2020 NHL Playoffs goals by game state and scorer: Stanley Cup Final

The Tampa Bay Lightning have won the 2020 Stanley Cup. The NHL was completely successful in its Return to Play plan, and managed to see a unique postseason played through in its entirety in just two bubbles.

While the end of September most years marks a time where everyone awaits the start of the regular season, this time around the NHL Playoffs had only just finished. How the next season will pan out remains to be known, but the NHL deserves praise for being able to stick to their plan of safely finishing to 2019-20 season.

Much credit goes to the employees working to make this happen. The playoffs wouldn’t have been possible without the work of healthcare workers, hotel and arena staff, and everyone else involved. The often thankless work by these workers led to the fact that hockey at its highest calibre was able to be played throughout the months of August and September.

With the playoffs coming to an end, we can close out the goals by game state and scorer data visualisation series, looking at the two teams that battled it out for the Cup.

Check out the rest of the series here:

2020 NHL Playoffs goals by game state and scorer: Qualifying Round

2020 NHL Playoffs goals by game state and scorer: First Round

2020 NHL Playoffs goals by game state and scorer: Second Round

2020 NHL Playoffs goals by game state and scorer: Conference Finals

How to read the charts

In the left column, goals are sorted by game state; in the right column goals are sorted by scorer. Both columns are sorted from the greatest to least number of occurrences. Game states are defined based on the number of skaters on ice, and the colours represent skaters relative to the opponent at the time of the goal.

The limitation of this data presentation is that it technically omits information on whether a goal was scored with the goalie pulled for the extra skater or on an empty net. However, in most scenarios the skaters on ice would either be 6v5 or 5v6, respectively.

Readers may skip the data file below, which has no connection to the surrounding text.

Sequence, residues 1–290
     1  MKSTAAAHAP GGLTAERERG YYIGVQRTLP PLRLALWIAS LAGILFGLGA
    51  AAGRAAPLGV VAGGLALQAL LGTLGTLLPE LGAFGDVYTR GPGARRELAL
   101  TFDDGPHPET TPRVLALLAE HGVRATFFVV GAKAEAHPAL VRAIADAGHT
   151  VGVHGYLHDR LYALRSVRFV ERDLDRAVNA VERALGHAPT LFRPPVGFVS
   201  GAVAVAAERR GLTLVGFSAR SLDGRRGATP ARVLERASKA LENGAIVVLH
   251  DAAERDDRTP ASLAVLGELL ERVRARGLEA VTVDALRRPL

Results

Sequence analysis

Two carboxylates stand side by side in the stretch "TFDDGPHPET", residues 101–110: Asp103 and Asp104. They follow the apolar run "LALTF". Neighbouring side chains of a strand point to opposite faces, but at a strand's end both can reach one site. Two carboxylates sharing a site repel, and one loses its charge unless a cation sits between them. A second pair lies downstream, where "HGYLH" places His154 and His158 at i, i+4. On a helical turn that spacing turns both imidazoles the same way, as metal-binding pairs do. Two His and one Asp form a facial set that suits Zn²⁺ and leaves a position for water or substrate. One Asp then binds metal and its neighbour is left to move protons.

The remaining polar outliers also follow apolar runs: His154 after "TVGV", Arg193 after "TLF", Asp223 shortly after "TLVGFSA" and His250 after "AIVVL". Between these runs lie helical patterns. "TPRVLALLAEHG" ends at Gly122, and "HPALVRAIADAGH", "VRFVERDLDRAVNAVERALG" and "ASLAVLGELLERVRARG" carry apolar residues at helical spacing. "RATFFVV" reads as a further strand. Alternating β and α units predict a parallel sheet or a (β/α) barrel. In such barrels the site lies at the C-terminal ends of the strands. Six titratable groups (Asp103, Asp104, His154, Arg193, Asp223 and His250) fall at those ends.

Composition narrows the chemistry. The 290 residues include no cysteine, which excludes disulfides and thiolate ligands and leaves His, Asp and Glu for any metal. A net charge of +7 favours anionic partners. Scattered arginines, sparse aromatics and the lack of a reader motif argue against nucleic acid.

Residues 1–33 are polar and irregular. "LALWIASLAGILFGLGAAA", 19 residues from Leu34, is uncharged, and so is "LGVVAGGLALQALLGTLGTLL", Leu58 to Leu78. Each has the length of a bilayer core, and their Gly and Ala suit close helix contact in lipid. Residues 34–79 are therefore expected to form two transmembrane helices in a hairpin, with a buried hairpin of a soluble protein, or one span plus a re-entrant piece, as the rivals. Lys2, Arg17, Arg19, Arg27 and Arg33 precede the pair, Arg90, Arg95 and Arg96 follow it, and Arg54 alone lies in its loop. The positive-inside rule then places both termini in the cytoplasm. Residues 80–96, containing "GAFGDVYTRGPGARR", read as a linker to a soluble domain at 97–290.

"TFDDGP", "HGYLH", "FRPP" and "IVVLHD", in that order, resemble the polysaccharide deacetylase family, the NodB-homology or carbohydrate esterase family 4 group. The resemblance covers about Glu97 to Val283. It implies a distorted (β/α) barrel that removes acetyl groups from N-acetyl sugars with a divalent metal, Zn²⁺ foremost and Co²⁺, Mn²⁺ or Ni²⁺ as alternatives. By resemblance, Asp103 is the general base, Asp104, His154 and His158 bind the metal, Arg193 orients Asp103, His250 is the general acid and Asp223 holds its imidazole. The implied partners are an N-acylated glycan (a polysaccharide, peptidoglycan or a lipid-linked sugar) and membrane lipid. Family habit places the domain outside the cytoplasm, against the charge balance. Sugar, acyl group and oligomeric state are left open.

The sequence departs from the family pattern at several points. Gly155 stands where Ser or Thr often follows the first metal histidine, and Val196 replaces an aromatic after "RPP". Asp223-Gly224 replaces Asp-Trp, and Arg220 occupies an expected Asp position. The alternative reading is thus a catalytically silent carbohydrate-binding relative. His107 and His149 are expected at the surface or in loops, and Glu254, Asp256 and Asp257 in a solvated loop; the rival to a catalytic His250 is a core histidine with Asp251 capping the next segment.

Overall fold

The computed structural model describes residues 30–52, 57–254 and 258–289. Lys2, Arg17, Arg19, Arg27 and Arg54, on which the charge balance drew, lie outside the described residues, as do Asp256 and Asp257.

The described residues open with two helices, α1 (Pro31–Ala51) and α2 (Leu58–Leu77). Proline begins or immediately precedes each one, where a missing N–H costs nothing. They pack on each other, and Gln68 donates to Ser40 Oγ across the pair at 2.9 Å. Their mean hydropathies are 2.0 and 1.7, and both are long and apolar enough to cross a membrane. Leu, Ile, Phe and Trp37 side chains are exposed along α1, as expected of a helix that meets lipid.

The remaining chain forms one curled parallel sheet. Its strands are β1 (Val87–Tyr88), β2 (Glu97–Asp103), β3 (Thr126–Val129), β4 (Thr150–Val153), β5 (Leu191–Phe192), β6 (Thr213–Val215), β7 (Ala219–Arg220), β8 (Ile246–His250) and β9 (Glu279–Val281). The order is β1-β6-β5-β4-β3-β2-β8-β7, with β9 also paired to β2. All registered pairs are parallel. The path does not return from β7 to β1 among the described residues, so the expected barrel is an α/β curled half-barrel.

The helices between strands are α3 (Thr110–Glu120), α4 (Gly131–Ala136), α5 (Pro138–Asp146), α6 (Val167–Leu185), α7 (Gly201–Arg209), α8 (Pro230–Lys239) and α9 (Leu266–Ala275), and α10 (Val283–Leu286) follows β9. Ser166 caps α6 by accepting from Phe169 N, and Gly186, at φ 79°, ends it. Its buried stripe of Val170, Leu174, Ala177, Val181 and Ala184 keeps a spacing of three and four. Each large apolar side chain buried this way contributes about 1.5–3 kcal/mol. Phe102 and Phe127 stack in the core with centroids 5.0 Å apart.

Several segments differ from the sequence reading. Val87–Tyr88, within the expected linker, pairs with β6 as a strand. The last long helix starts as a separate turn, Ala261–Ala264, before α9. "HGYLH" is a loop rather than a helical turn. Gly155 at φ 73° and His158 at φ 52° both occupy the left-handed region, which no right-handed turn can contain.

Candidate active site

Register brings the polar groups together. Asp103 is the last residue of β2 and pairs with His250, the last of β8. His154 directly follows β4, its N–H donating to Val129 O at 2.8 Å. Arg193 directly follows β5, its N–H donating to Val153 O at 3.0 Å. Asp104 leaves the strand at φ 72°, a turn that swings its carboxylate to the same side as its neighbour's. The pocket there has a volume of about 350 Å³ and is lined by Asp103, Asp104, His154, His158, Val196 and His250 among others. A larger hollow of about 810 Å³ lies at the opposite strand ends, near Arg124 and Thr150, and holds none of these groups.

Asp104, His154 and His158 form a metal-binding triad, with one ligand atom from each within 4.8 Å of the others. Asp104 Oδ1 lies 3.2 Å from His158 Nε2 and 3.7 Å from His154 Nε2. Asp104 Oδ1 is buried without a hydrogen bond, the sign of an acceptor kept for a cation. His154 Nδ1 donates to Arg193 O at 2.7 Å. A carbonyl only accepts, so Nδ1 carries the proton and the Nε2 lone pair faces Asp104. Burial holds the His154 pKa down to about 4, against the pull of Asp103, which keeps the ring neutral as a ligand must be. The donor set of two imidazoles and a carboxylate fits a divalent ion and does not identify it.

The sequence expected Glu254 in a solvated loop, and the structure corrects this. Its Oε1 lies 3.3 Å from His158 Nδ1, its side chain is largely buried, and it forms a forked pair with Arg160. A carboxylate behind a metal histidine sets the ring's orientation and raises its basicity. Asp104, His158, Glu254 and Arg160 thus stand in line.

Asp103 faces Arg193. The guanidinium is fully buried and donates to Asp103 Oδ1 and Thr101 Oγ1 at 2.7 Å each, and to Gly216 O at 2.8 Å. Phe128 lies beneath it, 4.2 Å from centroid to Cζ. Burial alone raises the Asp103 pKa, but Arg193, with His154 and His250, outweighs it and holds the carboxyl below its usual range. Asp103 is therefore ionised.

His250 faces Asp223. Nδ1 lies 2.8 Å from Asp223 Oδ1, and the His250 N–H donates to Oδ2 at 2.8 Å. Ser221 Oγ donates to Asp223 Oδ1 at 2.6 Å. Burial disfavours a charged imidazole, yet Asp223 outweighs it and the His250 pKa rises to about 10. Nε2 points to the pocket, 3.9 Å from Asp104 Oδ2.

While that does serve as a proxy, it doesn’t account for situations where a player in the penalty box might cause a goalie pulled situation to be represented as 5v5. Those goals would be missed in the current method of data presentation.

The visualisation may be reworked in the future to contain goaltender and penalty status, but in the mean time, the focus is only on the skaters on ice, which still serves useful information to see how a team gets their goals.

All data from MoneyPuck.com. Visualisations created with R and modified with Adobe Illustrator. The R “tidyverse” and “ggalluvial” packages were used to create the visualisations. Colour palette adapted from Carto.


Related: Visualising team scoring across the NHL at the time of the COVID-19 pause


dallas stars

The Stars had solid first-year returns in bringing in Joe Pavelski, who added four more goals to his playoff total in the Final to lead the team with 13. Two of his goals were scored on the Stars’ potent power play, while the other two came at 6v5 scenarios. He scored clutch goals to tie up a game for the Stars, a big reason they were often seen heading into overtime.

Corey Perry, also signed by the Stars for the year, also showed his worth by adding three goals to his playoff total after having a hard time finding the back of the net prior to the Final.

Denis Gurianov was held off the score sheet in the Final but still ended up second on the team in goals. Jamie Benn, Tyler Seguin, and Alexander Radulov were also held goalless in the six games against Tampa Bay.